Hey climate heroes! Welcome to The Climate Roundup, where we round up the change, er the news about climate and the environment. As part of the Gen E community, we thank you for making climate action part of everyday life. (Reading this newsletter counts!)

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In Pop Culture:
Jeremy Strong

Succession’s Jeremy Strong has joined the board of the Climate Emergency Fund, “which supports many of the more controversial and disruptive climate protests across the U.S. and in Europe.”

GETTING DOWN TO CLIMATE BUSINESS:

πŸ’° COP28 is heading into its second week, and it’s time for the parties to talk adaptation. While dramatically reducing our dependence on fossil fuels is essential to both climate mitigation and adaptation, the latter also requires significant monetary investment for initiatives that will protect people, particularly in the Global South, from extreme weather events and heat. Adaptation funds are distinct from the Loss & Damage fund we’ve discussed frequently in this newsletter in that the latter applies to damages already caused by climate change, rather than protecting against future impacts. Apparently, “a goal for adaptation is likely to be decided at [COP28], but as things stand, it’s set to be only a fraction of what some nations are calling for.” Ah, the old “You want enough money to live, I don’t want to give you any, let’s meet in the middle.”

πŸ’Œ The head of OPEC is at COP28 and he’s telling his little oily buddies to put a stop to all this climate action at the climate conference. Haithem Al-Ghais, Secretary General of Opec, sent a letter to the 13 other Opec countries in an attempt to sabotage the intense negotiations this week, which must be unanimously agreed-upon by all nations. Al-Ghais even co-opted a little bit of climate terminology, writing that “the undue and disproportionate pressure against fossil fuels may reach a tipping point with irreversible consequences.” Boy if he doesn’t like tipping points with irreversible consequences, he’s REALLY gonna hate climate change.

↗️ A new study from the International Monetary Fund found that climate-related shocks, such as hurricanes and floods, contribute to increased migration as people seek more stable living conditions, and as you might expect, this has powerful repercussions in local economies. Climate events cause expensive damage to infrastructure, lower crop yields, and hamper worker health and productivity. “However, human displacement is a critical transmission channel.” It turns out, much like Soylent Green, the economy is made of people.

βš–οΈ This year has been chock-full of climate-based legal cases (over 2500 to be exact) and I am here for it. Experts say that these lawsuits are a really effective way of making climate progress, and that “globally, 55% of cases have had a climate-positive ruling.” Outcomes include forcing governments to lower their emissions targets or put a climate plan in place at all, blocking polluting projects, and protecting climate policy from future changes in government that might have less favorable climate outcomes. Lawyers are doing so much good for the planet, I almost feel bad about making so many jokes about them over the years.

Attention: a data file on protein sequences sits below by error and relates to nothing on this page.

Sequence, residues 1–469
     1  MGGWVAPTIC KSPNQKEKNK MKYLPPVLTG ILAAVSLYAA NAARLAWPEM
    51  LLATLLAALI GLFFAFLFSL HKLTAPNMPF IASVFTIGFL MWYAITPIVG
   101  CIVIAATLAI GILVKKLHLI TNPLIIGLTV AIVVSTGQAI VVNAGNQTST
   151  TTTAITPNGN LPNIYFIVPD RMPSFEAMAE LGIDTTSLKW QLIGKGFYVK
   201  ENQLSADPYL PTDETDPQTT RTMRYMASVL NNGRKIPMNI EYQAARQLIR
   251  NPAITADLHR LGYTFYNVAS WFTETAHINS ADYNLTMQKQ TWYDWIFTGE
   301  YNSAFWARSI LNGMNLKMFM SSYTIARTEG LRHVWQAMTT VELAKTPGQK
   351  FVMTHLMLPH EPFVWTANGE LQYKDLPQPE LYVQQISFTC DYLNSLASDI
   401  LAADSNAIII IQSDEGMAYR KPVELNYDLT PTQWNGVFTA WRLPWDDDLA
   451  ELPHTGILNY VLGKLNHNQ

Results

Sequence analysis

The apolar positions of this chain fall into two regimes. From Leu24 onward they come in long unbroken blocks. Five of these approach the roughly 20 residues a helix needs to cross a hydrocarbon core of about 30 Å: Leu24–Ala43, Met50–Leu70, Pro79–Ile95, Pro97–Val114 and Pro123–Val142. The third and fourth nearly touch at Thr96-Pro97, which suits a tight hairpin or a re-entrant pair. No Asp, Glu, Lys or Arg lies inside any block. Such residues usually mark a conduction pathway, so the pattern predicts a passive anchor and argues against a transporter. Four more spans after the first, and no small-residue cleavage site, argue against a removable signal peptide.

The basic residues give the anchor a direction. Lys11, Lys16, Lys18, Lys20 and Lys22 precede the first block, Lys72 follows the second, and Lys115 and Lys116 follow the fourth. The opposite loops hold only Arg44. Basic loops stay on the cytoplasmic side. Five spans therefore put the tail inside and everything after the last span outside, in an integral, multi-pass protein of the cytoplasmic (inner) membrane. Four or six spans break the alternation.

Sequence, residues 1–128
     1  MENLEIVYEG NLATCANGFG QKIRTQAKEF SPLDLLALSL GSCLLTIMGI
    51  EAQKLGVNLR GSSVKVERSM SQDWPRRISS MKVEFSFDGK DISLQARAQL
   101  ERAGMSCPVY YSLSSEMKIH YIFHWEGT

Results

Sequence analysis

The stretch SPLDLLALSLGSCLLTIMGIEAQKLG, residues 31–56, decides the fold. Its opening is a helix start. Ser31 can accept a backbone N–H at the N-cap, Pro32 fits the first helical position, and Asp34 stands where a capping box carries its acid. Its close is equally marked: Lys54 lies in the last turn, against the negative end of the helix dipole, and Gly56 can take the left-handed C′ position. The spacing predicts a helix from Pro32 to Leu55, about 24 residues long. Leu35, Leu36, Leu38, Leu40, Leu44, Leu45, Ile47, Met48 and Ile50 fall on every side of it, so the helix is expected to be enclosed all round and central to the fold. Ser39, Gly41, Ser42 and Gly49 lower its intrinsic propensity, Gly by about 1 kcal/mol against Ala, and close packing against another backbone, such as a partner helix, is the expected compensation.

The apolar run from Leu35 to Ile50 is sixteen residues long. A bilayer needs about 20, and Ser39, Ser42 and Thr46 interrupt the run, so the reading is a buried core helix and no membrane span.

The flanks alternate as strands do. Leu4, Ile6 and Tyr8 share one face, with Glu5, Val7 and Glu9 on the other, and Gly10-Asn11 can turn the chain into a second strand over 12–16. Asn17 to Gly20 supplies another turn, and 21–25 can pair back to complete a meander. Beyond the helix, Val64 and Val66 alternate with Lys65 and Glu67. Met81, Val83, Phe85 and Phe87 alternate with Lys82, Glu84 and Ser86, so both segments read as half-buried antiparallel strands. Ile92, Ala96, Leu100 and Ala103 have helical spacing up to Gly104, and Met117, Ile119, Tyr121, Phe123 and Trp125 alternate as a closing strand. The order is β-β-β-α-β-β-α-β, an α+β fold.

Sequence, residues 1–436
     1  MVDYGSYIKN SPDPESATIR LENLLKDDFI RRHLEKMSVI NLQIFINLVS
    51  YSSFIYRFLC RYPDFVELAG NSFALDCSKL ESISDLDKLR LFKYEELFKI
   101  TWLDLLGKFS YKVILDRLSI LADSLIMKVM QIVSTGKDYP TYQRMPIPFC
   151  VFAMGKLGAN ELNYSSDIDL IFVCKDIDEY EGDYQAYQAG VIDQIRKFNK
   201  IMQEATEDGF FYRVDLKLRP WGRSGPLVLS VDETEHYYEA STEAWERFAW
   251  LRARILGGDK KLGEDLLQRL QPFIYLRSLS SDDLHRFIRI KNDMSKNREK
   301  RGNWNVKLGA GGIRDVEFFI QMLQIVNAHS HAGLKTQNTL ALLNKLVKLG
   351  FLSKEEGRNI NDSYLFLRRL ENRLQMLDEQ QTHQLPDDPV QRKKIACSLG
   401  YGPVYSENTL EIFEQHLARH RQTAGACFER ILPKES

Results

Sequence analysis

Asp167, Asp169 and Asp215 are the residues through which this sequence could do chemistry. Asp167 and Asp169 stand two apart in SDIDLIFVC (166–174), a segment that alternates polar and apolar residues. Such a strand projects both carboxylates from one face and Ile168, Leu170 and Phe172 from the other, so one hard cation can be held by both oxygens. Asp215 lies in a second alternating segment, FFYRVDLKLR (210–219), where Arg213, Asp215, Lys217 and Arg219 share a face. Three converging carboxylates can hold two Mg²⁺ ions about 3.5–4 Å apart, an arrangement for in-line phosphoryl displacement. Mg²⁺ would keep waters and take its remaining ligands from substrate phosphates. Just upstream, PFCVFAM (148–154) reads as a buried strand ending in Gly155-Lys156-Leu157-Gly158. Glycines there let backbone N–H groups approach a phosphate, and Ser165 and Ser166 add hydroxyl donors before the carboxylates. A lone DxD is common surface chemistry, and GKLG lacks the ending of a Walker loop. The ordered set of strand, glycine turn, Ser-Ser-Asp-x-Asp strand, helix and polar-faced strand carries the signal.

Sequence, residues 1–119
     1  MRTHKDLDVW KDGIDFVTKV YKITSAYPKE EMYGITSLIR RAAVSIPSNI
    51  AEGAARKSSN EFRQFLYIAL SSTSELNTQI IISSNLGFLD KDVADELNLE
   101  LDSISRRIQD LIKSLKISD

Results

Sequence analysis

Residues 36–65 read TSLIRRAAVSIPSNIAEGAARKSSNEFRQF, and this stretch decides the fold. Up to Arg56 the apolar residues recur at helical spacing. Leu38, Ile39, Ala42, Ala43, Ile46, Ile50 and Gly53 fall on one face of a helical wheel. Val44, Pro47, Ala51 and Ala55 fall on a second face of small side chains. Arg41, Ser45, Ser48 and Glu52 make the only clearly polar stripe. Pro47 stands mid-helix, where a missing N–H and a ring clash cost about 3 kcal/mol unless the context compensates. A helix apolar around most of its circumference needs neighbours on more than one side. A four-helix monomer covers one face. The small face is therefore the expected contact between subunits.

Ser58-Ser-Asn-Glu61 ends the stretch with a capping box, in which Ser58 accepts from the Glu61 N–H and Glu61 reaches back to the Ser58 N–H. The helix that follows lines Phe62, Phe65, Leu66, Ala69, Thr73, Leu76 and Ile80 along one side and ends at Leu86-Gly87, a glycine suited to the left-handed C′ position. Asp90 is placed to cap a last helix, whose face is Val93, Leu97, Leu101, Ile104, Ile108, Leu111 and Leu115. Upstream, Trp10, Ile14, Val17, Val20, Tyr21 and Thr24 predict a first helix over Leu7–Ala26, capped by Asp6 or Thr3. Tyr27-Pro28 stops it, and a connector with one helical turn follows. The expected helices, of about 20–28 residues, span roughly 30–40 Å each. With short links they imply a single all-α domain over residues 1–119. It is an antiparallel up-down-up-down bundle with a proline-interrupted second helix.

🌳 Speaking of good news, NASA has found that forests can sequester a whole bunch of carbon. They used lasers to analyze biomass area, which is huge, because traditional satellite techniques are flat and don’t reveal the height and width of trees. That made it very difficult to assess sequestration potential. Protected forest areas around the world have already prevented about a year’s worth of CO2 from being released into the atmosphere over the past couple of decades, which underscores the importance of protecting more land and aggressively reforesting where we can. The NASA program is on hold for now, but will resume in 2026. When it comes back, let’s surprise it with a whole bunch of new trees to analyze!

🐻 Climate change is increasing bear attacks in Japan. Changing weather patterns and temperatures affect pollination, which makes fruit less available to feed the bears. So instead, they venture into populated areas and come into contact with people. Man, when I said climate change is a bear of a problem, this is not what I meant.

70M: THIS MANY PEOPLE AROUND THE WORLD ARE FACING INCREASED THREATS FROM SEA LEVEL RISE (CBS)

73%: PERCENTAGE OF AMERICAN ADULTS WHO AGREE THE FEDERAL GOVERNMENT SHOULD HALVE OUR EMISSIONS BY 2030 (CNN)

Something To Help You COPe

Between Saudi antics and infiltration by fossil fuel reps, this year’s COP28 might feel like a bit of a bummer. But here’s 5 things you can feel good about as the conference heads into its final days.